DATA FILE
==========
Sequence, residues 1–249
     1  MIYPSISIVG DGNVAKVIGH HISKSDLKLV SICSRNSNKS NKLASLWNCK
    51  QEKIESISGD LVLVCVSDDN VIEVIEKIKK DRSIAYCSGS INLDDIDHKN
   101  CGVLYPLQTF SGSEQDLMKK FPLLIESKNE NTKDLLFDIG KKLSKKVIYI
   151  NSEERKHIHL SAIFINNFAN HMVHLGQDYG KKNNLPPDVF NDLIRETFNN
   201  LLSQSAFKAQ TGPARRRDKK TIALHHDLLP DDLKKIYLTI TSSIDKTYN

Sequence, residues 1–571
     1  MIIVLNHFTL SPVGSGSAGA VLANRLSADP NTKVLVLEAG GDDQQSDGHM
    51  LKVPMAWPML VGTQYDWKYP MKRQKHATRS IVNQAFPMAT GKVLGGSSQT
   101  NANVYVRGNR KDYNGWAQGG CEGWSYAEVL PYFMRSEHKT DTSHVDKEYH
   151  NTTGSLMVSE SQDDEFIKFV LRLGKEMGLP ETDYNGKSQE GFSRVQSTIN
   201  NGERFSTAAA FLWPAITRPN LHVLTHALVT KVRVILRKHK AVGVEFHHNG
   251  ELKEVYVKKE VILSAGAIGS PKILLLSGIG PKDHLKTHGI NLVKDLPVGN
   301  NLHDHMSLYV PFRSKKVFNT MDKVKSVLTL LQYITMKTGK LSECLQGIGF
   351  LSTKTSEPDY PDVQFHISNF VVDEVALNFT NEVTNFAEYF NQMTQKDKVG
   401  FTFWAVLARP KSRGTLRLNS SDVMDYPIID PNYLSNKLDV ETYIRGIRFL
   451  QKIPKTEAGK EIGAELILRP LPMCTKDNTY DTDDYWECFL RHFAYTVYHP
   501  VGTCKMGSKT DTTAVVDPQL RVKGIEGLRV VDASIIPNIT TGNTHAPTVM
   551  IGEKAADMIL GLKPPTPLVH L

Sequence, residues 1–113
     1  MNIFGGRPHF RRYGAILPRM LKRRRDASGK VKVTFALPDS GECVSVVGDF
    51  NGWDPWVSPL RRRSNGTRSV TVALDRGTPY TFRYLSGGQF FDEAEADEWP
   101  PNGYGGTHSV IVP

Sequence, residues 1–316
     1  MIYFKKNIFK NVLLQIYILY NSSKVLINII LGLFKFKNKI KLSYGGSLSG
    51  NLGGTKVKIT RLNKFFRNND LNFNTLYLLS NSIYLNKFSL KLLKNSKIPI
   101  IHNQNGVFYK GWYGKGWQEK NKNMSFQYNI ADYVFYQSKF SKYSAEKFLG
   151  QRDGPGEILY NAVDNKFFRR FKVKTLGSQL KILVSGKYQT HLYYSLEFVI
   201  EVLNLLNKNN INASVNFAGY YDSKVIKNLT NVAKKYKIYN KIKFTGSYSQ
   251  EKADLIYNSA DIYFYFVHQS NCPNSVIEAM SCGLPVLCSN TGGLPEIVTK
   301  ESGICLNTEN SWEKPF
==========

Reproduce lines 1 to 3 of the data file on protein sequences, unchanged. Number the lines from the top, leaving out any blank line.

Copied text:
Sequence, residues 1–249
     1  MIYPSISIVG DGNVAKVIGH HISKSDLKLV SICSRNSNKS NKLASLWNCK
    51  QEKIESISGD LVLVCVSDDN VIEVIEKIKK DRSIAYCSGS INLDDIDHKN